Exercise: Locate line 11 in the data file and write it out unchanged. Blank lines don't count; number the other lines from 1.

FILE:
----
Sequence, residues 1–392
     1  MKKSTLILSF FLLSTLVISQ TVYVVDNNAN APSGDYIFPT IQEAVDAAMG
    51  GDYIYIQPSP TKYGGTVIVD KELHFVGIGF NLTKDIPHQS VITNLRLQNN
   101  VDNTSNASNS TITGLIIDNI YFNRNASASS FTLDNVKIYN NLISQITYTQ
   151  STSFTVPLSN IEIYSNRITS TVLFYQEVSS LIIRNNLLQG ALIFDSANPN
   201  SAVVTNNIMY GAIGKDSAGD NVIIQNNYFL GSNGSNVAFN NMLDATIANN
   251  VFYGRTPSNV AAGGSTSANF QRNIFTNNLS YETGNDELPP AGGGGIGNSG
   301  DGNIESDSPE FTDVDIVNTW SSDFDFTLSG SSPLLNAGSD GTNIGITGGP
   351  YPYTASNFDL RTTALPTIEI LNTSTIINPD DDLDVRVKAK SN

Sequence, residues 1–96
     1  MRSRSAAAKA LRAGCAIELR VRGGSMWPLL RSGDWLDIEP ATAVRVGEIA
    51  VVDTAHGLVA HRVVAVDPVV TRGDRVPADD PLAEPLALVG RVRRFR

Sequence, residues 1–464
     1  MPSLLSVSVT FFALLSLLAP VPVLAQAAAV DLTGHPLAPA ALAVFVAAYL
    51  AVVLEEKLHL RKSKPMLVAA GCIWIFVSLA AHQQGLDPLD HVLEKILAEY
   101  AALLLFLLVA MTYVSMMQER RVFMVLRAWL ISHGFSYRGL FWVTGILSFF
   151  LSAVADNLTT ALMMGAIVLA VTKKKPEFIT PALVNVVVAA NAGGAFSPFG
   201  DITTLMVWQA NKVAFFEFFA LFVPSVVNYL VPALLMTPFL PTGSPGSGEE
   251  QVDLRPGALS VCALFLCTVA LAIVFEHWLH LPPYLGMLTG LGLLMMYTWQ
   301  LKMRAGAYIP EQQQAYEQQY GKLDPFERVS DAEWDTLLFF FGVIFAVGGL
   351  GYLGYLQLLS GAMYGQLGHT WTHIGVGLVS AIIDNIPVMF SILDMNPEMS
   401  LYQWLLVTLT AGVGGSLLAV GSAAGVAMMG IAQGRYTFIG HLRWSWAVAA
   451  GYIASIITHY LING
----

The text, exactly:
     1  MRSRSAAAKA LRAGCAIELR VRGGSMWPLL RSGDWLDIEP ATAVRVGEIA